Bourbon / Rye
Bourbon is a type of American whiskey, a barrel-aged distilled liquor made primarily from corn. The name ultimately derives from the French Bourbon dynasty, although the precise inspiration for the whiskey's name is uncertain; contenders include Bourbon County in Kentucky and Bourbon Street in New Orleans, both of which are named after the dynasty. Bourbon has been distilled since the 18th century.The name "Bourbon" was not applied until the 1850s, and the Kentucky etymology was not advanced until the 1870s. Although bourbon may be made anywhere in the United States, it is strongly associated with the American South and with Kentucky in particular.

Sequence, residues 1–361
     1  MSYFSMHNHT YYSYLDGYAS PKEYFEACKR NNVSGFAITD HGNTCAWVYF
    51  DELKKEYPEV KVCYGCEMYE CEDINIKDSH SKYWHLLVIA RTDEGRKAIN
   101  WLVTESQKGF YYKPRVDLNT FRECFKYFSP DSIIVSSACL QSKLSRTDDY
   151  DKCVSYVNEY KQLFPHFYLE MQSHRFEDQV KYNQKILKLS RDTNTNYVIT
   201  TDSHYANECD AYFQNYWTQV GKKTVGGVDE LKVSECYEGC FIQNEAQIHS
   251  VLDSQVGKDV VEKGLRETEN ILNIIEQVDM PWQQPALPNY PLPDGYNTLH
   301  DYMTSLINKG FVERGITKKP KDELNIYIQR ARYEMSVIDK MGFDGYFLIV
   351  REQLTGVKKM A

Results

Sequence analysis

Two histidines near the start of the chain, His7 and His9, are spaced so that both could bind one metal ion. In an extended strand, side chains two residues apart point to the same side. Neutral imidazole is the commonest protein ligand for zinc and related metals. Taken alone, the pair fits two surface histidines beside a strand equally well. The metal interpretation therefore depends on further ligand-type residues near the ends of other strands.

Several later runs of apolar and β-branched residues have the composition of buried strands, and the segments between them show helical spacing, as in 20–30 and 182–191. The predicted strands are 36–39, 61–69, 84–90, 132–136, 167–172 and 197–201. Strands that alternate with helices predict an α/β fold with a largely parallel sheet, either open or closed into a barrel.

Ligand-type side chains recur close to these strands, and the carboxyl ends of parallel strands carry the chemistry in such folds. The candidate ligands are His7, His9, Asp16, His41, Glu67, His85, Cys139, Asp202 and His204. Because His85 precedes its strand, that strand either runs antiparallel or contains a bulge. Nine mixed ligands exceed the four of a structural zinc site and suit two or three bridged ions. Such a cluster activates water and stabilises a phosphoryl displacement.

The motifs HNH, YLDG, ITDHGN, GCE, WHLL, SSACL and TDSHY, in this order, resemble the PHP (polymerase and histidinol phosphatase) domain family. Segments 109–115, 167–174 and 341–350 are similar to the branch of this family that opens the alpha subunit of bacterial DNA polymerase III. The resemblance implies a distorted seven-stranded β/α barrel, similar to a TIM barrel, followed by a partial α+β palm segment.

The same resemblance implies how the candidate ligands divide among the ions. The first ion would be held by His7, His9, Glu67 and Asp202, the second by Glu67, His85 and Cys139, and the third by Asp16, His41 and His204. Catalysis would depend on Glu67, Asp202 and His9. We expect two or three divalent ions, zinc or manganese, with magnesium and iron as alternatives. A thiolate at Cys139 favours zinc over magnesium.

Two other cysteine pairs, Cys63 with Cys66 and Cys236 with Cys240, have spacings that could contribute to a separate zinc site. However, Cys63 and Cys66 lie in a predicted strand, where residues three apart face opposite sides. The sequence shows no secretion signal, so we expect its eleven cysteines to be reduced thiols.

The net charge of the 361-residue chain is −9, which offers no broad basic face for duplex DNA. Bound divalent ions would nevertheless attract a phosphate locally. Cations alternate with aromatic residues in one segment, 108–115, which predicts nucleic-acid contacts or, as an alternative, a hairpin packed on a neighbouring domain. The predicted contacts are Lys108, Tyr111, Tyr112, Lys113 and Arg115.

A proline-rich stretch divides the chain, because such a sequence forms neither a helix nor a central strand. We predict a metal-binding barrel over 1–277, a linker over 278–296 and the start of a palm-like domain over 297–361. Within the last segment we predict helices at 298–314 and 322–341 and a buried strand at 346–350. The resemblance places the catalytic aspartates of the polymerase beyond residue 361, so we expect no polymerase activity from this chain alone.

Rye is a grass grown extensively as a grain, a cover crop and a forage crop. It is a member of the wheat tribe (Triticeae) and is closely related to both wheat (Triticum) and barley (genus Hordeum). Rye grain is used for flour, bread, beer, crispbread, some whiskeys, some vodkas, and animal fodder. It can also be eaten whole, either as boiled rye berries or by being rolled, similar to rolled oats.